Remember, Serena had breezed through the Open, putting aside challengers like so many ball girls who’d just happened to pick up a racket against her. Yes, she’s almost 38, but her immense power, her shot making and her indomitable will remain formidable to any young woman who stands across a court from her.

Then came Bianca.

Of course, Canada got its tennis shorts in a knot this way for Eugenie Bouchard in 2014. When she made the Wimbledon final, she was the Chosen Tennis One. But the attention, the pressure and the wear on her body derailed Bouchard to where her Pinty’s commercials from days gone by are a sour joke.

That’s where Andreescu presumably is different. Perhaps it’s simply her precocity. Perhaps it’s her dramatic style that always seems one injury away from derailing her. Or maybe it’s her mother fussing with the designer clothes and little dog Coco in the players’ box.

Whatever the stage business, Andreescu has it. She’s an alpha performer. You can’t say that about players such as Sloane Stephens (the 2017 women’s champ) or even world No. 1 Naomi Osaka (the 2018 winner). They’re talented world-class tennis players. But no one will tell you they beat you with their minds.

Andreescu has that mettle. If you’re looking for the moment when Williams knew she was in deep trouble against Andreescu, forget anything that happened Saturday (although there were telltale moments then). No, Serena knew she was up against a different cat when she looked up through her veil of tears in Toronto in August to find Bianca consoling her for having to pull the chute in the Rogers Cup final.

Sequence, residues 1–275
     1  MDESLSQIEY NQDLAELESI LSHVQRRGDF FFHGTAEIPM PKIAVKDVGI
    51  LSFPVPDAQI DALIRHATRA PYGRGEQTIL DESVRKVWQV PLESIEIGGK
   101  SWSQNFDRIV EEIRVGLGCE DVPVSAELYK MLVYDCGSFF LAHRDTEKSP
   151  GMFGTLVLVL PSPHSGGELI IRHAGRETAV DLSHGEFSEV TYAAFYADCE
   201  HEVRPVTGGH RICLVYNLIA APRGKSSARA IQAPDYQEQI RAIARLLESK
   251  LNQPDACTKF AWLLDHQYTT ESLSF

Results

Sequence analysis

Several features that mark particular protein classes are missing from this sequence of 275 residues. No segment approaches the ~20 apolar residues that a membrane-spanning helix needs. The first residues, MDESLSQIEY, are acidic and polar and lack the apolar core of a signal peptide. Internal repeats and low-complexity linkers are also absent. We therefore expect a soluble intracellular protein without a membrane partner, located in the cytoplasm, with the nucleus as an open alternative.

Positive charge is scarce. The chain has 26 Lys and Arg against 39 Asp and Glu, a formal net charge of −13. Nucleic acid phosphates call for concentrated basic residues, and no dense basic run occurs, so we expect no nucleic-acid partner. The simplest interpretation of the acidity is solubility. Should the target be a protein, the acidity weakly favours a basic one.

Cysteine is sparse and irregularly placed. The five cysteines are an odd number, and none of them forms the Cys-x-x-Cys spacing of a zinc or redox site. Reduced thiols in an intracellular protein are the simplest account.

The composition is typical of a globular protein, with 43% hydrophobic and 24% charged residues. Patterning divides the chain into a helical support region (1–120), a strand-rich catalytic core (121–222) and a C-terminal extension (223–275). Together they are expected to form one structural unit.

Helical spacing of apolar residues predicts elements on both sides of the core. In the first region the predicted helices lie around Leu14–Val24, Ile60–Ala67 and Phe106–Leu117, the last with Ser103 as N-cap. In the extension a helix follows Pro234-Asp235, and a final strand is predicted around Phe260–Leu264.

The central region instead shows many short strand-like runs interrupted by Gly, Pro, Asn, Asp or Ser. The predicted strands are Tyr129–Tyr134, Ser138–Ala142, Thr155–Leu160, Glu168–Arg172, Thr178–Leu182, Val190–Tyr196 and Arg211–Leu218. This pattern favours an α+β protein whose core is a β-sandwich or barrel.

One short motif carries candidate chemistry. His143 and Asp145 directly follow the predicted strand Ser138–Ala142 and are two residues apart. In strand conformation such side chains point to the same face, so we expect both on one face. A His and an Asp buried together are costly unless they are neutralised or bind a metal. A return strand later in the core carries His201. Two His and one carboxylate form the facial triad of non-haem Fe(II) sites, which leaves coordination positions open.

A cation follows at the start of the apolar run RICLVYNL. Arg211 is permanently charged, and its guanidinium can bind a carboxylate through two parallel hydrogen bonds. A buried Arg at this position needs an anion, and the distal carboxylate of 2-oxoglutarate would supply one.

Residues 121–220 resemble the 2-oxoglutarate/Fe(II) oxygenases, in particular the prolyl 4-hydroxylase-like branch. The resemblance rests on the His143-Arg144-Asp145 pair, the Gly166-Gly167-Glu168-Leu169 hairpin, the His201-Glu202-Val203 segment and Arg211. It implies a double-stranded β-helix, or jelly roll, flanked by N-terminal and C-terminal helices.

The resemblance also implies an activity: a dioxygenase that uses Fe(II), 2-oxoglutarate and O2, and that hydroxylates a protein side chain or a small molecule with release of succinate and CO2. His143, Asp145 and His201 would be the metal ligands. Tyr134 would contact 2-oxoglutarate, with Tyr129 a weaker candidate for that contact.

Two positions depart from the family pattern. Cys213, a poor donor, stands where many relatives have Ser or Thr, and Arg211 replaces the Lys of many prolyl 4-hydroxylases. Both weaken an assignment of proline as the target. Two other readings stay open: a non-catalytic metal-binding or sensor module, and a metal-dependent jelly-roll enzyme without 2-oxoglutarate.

With her face in Serena’s grill, she did a profanity-laced fan letter about how great Williams was, how she’d had injuries, too. The temerity! You could see from Serena’s stunned expression that if Andreescu’s nerve was this acute, the Canadian wasn’t going to be intimidated playing her in the Open final in New York City.

So it proved. Even as Serena mounted her furious, futile comeback in the second set, one sensed that Andreescu was simply giving Spike Lee and company a good show, letting them hoot and holler a bit before she brought down the hammer. Williams complained afterward about not playing at all well. But that was due in large measure to the overwhelming pressure applied from the other side of the court.

If Williams was frustrated and gassed (truly she can’t go three sets against elite players any longer) she has Andreescu to thank. But she’ll have to get in line as 37 million Canadians want to thank her first.

Postscript: Despite what you’re hearing, Andreescu is not the first Canadian to win a Grand Slam title. Daniel Nestor has won eight Grand Slam titles in men’s doubles and four more in mixed doubles at all the majors in his career. He’s 10th in history for most men’s ATP titles. Credit due.

Troy Media columnist Bruce Dowbiggin career includes successful stints in television, radio and print. A two-time winner of the Gemini Award as Canada’s top television sports broadcaster, he is also the publisher of Not The Public Broadcaster.